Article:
Loire Valley

August 3 to August 6, 2012

We enjoyed a sun-filled drive north to the Loire Valey and thanks to the help of a real paper map, I found the lovely home of Guy and Ghislaine without hardly a false turn. Guy Ducornet is painter, writer and teacher who has been an associate of Gregg’s. They have exhibited together in various places in Europe. Two years ago, we met Guy in Paris at the opening of Gregg’s show.

From the moment we arrived at their home until we left, we were shown the most incredible hospitality. Their place is situated overlooking a vineyard (their vineyard) with a gorgeous view of rolling Loire Valley hills beyond. I couldn’t stop taking pictures of the vines. Here are just a few in varying lights.

View over Guy’s vineyard next to his house in the Loire Valley
View from the door of our room at Guy’s
Grapes ripening on the vines
After we arrived and got settled at Guy’s, we joined him and Ghislaine outside to enjoy a bottle of wine from their 17th century cave.
Wine in the garden
In the evening, Ghislaine dished up a lovely meal–smoked salmon, a hearty chicken casserole (fabulous) and dessert along with two or three bottles of Guy’s wine. Guy entertained us with many, many stories about his experiences in France, the United States, and Canada. I also got to practice some French. I so appreciated the opportunity to try out from phrases and then get immediate feedback and correction. Often I’m too self-conscious to even try to speak French beyond the very basics. I just need to practice (and practice). This winter I must find more opportunities to do so. It can’t be totally beyond the bounds of reason that I could still learn how to speak French!
The next morning, Gregg and I set off for Saumur, the closest town on the Loire River that also has a chateau. Saumur is a totally delightful town with a great chateaux high up on a hill overlooking the river. Here are some pictures.
 
Gregg in the market in Saumur–tiny streets spilling over with delectable vegetables, cheeses, flowers….and crepes
We stop for two crepes made while we watched
Bridge at Saumur
We climbed up to the chateaux to see a very cheesy pageant. The display of horsemanship and jousting was entertaining but the show went on just a bit too long as it attempted with little success to milk the very thinnest of plot lines. Something about pirates and Turks, we think! The three people on horses were the best by far.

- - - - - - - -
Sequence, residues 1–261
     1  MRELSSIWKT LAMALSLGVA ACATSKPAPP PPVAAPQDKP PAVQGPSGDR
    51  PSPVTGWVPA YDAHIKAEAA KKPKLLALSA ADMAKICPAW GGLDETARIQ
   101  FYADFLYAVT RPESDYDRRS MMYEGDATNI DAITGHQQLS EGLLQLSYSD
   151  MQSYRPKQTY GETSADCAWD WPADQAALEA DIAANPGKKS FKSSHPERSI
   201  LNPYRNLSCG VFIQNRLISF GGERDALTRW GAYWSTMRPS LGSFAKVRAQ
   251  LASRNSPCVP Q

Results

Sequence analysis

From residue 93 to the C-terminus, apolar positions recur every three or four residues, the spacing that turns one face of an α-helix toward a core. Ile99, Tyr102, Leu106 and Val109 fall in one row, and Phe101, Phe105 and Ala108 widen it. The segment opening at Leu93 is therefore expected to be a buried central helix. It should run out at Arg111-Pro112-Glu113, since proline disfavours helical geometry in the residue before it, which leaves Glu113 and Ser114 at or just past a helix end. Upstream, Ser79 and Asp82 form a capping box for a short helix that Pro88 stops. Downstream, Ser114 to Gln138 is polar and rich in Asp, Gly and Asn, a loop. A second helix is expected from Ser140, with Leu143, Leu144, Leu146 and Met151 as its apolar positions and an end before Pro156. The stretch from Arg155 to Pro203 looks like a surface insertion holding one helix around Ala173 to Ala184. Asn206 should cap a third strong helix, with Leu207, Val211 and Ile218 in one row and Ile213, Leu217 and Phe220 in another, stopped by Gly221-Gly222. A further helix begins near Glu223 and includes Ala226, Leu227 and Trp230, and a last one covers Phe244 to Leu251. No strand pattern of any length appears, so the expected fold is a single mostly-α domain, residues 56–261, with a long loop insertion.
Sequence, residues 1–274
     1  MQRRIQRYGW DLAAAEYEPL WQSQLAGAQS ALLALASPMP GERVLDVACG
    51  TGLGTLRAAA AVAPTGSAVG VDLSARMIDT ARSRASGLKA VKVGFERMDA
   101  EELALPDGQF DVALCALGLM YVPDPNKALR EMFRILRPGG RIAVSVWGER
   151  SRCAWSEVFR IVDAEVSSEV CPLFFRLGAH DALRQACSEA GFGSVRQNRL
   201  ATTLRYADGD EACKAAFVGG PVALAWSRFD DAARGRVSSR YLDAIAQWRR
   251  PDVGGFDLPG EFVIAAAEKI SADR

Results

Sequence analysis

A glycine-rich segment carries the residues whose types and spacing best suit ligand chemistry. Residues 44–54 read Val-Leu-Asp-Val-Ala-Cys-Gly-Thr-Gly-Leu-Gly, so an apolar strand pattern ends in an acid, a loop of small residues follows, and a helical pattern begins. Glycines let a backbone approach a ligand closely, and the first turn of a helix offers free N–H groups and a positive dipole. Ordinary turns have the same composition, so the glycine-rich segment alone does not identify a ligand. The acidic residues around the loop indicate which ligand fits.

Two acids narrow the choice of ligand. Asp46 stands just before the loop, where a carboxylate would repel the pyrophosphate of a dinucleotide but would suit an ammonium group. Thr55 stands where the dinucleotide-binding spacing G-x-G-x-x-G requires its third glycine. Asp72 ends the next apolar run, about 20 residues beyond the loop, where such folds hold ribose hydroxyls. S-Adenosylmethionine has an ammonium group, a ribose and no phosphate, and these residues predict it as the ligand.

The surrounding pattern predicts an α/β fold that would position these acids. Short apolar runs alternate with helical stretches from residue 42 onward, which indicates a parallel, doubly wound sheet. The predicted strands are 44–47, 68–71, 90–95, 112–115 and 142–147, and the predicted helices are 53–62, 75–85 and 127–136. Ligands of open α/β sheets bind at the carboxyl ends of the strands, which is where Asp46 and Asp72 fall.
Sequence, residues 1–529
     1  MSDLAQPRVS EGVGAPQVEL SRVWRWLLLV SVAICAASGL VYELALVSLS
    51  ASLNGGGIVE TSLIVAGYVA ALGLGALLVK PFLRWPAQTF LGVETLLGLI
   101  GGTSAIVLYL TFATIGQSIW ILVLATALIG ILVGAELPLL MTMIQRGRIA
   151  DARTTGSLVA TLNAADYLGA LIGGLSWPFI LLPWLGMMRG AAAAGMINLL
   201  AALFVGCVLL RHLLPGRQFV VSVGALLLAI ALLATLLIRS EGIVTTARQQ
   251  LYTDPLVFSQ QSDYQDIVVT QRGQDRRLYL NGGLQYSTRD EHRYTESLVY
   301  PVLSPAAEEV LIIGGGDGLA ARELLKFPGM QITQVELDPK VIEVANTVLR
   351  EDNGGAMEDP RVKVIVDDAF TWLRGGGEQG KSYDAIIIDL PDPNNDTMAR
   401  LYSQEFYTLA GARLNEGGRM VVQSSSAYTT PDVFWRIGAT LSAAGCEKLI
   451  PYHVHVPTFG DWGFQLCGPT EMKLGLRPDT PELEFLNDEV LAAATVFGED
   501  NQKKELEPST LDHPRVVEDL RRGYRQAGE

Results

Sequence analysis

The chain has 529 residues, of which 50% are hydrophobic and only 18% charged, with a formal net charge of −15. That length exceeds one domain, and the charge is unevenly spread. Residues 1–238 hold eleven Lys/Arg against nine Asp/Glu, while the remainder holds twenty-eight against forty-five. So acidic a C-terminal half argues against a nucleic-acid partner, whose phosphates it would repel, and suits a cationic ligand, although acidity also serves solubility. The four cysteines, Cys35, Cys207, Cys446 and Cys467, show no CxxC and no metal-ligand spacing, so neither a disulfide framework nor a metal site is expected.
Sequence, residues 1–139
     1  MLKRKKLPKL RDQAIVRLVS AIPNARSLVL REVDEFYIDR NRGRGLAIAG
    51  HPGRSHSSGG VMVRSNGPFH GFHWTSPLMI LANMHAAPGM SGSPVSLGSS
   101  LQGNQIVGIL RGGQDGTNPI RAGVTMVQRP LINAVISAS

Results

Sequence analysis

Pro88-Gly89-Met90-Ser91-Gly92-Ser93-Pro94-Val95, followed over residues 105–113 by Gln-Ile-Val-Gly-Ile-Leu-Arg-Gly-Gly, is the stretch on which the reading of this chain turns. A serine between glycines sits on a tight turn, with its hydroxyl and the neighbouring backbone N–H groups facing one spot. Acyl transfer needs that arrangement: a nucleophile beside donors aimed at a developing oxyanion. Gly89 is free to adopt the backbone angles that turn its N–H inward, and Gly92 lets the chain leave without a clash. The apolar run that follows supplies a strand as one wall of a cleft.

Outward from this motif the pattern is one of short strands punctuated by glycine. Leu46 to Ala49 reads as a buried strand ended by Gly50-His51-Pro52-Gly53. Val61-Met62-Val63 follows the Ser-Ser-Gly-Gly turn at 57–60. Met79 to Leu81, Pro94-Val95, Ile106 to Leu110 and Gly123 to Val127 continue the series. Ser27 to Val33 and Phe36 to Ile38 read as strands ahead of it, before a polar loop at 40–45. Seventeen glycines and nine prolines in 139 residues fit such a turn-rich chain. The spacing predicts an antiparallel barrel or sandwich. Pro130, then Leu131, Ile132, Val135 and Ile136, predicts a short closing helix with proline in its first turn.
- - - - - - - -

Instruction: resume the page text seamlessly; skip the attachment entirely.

The actors and horses take a bow.
View of Saumur from the chateau
Another view of the river from higher up
The chateau at Saumur
We wandered back down to the town and enjoyed yet another awesome lunch at an outdoor cafe in the narrow streets of Saumur. The restaurant specialized in mussels but I wasn’t feeling adventurous and so had an omelette. It was wonderful as was the glass of red Loire wine I washed it down with. On our way back to Guy’s, we drove the scenic route along the Loire. What a gorgeous part of the world!
Thistles against a blonde stone wall in the Loire
Hollyhocks along the Loire
We arrived back at Guy’s for a long afternoon of relaxing in the sun. Here are Guy and Gregg in the garden:
Guy Ducornet and Gregg Simpson – two old surrealists
While Gregg and Guy chatted in the garden, I set off  to find a patisserie to buy dessert for dinner. Alas – I should have stopped at the fine patisseries in Saumur. The tiny village of Puy de Notre Dame no longer even has a boulangerie. I felt badly that I didn’t have the opportunity to contribute more to show our appreciation for the wonderful hospitality shown us. Being on the road can be challenging at times.
After not finding a place to buy a nice dessert, I at least found some marvelous photographic subjects. Here’s a sampling of the back alleys of picturesque Puy de Notre Dame:
Church spire in Puy de Notre Dame–very large church for very small village!
Lovely yellow stone of the Loire valley buildings
Entranceway to an old convent in Puy de Notre Dame
Gardens of the convent
Lovely little street on the way to Guy’s, looking back towards the church
Painfully picturesque!